Extreme Jumpers Try to Make History

When you've jumped more than a football field, farther than Evel Knievel, farther than anyone has ever jumped before – coming up with an encore is difficult.

"I didn't even really know where to start with what could be next and what could be exciting," said Robbie Maddison, who last New Year's Eve in Las Vegas flew 322 feet to break the Guinness World Record for motorcycle jumping.

"The idea of jumping onto a building came, one day when I was rolling down the freeway and I could see a 12-story building. I knew that jumping on that building was definitely possible," Maddison said. "And it became an idea and a dream. And then I started thinking of it more and more and now I'm going to do it."

This year, the 27-year-old Australian will attempt to jump onto a 96-foot replica of the Arc de Triomphe on the Las Vegas Strip, and then freefall 50 feet to a ramp below.

"The jump up the building is one tough thing, but the jump down and the G-forces are incredible at the bottom of the ramp," Maddison said.

To withstand the G-forces, Maddison has trained to strengthen his core muscles.

"The training's been pretty intense. Even with the practice jumps, I've had some close calls, nearly had some crashes and I think it's only from the new strength that it's kept me on the bike," Maddison said. "One time my hands broke the handlebar and my face went into the gas tank. I managed to ride out of it, but the training has definitely giving me some confidence."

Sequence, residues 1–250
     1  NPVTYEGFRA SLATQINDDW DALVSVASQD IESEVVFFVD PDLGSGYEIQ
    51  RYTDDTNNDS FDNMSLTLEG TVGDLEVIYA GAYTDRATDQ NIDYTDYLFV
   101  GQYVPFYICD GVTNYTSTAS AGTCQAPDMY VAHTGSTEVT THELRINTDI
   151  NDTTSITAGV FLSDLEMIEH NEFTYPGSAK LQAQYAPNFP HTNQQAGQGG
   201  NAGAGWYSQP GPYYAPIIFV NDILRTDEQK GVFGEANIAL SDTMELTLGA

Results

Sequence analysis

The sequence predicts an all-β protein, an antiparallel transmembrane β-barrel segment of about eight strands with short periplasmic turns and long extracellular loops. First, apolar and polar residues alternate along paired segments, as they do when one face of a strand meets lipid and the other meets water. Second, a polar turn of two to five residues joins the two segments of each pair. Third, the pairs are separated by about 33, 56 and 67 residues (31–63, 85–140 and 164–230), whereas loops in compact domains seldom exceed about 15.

With his training complete, Maddison said he is confident he can complete the stunt, but he knows it's not a sure thing.

"I just want to walk away from this thing safe," Maddison said. "Now it's getting to the point where I'm not sleeping very good. Every time I get the thought of doing the jump, my heart skips a beat."

'You Can't Break My Mind'

Rhys Millen doesn't consider himself a daredevil, but his resume reflects otherwise. The 36-year-old rally racing and Red Bull Drift Racing champion is also a Hollywood stuntman, having served as lead stunt driver on movies such as "The Dukes of Hazard" and "The Fast and the Furious: Tokyo Drift" – and he likes to backflip trucks in his spare time.

Last New Year's Eve, Millen, a New Zealand native, was hoping to make history of his own by completing the first backflip of an off-road truck. But while on a practice run, his specially designed truck missed the landing area completely and landed directly on its roof.

Millen suffered three broken vertebrae in his neck and two in his back.

"This was really hard for me to be hurt in the fashion that I did," Millen said. "For 16-plus years of racing, I've never sustained an injury, broken bone or anything. You're going to make mistakes when you're pushing those boundaries and we got caught off guard."

After recovering from his injuries, Millen says the hardest part was convincing his family to let him try it again. For him, he said, there was no other choice.

"I was injured, but not enough to break my mind," Millen said. "You can break my body, but you can't break my mind. We're back this year, strong, fit and ready to do it."

Tune in to ESPN on Wednesday, Dec. 31 at 11 p.m. ET/8 p.m. PT to see Rhys Millen and Robbie Maddison jump in "Red Bull: New Year. No Limits in Las Vegas".

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